This week, House leaders unveiled our “Top Ten List” of priority bills for the 2011 Legislative Session. I was pleased to see that a bill I’m carrying – House File 7, which abolishes many local government mandates, made the cut.
Time and again we hear from local governments telling us they want certain state mandates gone, and now we’re in a position to help them out.
For weeks I’ve been meeting with nearly two dozen House and Senate lawmakers in an effort to identify the most egregious state mandates that local governments want repealed. To their credit, more than 200 mandates have been submitted by cities, counties, and school boards from across the state. We’ve revised and prioritized that list, and while it’s still a work in progress and more will likely be added in the future, I thought I’d mention a few that can be eliminated with a House floor vote.
• Setting aside 2% of a school’s basic revenue funding for teacher staff development. Eliminating this mandate would untie the school board’s hands and let them use this money as they wish.
• Teachers contracts must be settled by January 15. The problem here is if schools don’t meet the deadline, they must pay a financial penalty to the state. In Winona, that penalty cost the district tens of thousands of dollars.
• Learning and Development Credit. This regulation again tells schools how to spend their revenue, forcing them to reduce or maintain the average class size between grades Kindergarten through 3rd grade at a 17 to 1 ratio.
• Maintenance and Effort requirement for libraries. This requires counties and cities to pay a minimum amount for local libraries.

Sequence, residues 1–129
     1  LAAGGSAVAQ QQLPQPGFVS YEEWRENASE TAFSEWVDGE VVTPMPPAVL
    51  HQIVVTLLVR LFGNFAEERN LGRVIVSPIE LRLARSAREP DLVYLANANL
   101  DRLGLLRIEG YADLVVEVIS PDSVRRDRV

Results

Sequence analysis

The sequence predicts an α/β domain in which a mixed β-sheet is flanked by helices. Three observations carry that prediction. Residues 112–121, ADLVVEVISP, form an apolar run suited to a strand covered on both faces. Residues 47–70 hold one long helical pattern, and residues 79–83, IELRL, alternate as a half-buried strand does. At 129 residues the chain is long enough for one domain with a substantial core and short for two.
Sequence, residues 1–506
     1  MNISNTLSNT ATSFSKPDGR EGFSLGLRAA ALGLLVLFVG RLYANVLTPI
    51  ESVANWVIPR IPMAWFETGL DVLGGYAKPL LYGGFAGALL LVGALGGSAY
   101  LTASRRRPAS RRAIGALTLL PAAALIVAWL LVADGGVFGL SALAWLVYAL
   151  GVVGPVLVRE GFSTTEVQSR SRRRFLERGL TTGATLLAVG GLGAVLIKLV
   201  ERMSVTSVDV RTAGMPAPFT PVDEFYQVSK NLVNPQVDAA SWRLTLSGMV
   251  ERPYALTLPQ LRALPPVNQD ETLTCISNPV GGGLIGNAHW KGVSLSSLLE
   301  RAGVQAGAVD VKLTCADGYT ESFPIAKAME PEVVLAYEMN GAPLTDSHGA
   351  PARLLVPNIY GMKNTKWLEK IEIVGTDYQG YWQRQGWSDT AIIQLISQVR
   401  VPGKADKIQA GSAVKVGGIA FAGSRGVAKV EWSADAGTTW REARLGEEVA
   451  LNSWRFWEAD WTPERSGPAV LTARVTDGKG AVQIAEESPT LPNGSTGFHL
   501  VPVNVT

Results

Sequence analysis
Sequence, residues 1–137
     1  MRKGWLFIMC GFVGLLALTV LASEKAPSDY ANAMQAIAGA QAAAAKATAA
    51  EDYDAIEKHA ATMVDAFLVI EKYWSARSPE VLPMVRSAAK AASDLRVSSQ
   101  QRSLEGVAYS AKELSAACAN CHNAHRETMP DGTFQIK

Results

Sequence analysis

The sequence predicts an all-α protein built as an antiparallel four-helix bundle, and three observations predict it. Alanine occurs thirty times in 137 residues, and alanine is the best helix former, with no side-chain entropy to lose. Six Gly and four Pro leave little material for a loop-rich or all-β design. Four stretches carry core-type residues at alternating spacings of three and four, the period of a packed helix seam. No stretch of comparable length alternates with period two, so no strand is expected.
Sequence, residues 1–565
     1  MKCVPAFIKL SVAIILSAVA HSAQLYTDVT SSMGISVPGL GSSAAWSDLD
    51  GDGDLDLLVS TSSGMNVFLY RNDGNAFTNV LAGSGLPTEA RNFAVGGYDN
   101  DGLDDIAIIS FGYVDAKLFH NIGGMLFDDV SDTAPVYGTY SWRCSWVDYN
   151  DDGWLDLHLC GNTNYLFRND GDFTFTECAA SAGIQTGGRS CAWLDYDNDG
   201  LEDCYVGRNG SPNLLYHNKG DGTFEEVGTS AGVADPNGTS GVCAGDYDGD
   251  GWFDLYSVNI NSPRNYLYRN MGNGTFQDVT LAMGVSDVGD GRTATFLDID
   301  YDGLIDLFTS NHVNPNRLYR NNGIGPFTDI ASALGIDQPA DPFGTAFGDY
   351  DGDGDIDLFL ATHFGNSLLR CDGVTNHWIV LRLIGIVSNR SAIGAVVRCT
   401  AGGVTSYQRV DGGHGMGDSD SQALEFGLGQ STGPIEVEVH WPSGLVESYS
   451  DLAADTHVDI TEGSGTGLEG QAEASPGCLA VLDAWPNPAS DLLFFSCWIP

• Reporting of Pre Trial Diversion Program for juveniles. County attorneys are required to report to the Bureau of Criminal Apprehension. We’re told that this reporting is unnecessary and expensive.
• Out of state travel policy. This mandate tells each city and county to develop and maintain an out of state travel policy, just in case someone actually wants to look at it.
• Pay Equity Compliance. This law forces a local government to pay for an equity study to make sure workers in women-dominated fields are being paid at the same levels as those in men-dominated fields. We’re told that this mandate is no longer necessary and leads to inflated employee costs.
• Police Vehicle Pursuit Training. Requires a city’s police officers to obtain pursuit training – and for the city to pay for those 8 hours every four years. Apparently, officers learn how to do this when they’re in school.
• Limitation of part time officers on a police department. Currently the state tells a city it can only employ a small number of part time officers. Repealing this provision allows them to hire as many as it wants.
It’s worth noting that nothing in this comprehensive bill says the local unit of government can’t continue any of these policies if it chooses to do so. This bill would simply get the state out of the way and give the locals the freedom to make that choice.
It’s important for us to lessen the burdens on local units of government this session because with a $6.2 billion state budget deficit, we know their Local Government Aid will be reduced. Eliminating some of these unneeded mandates will help them minimize that reduction.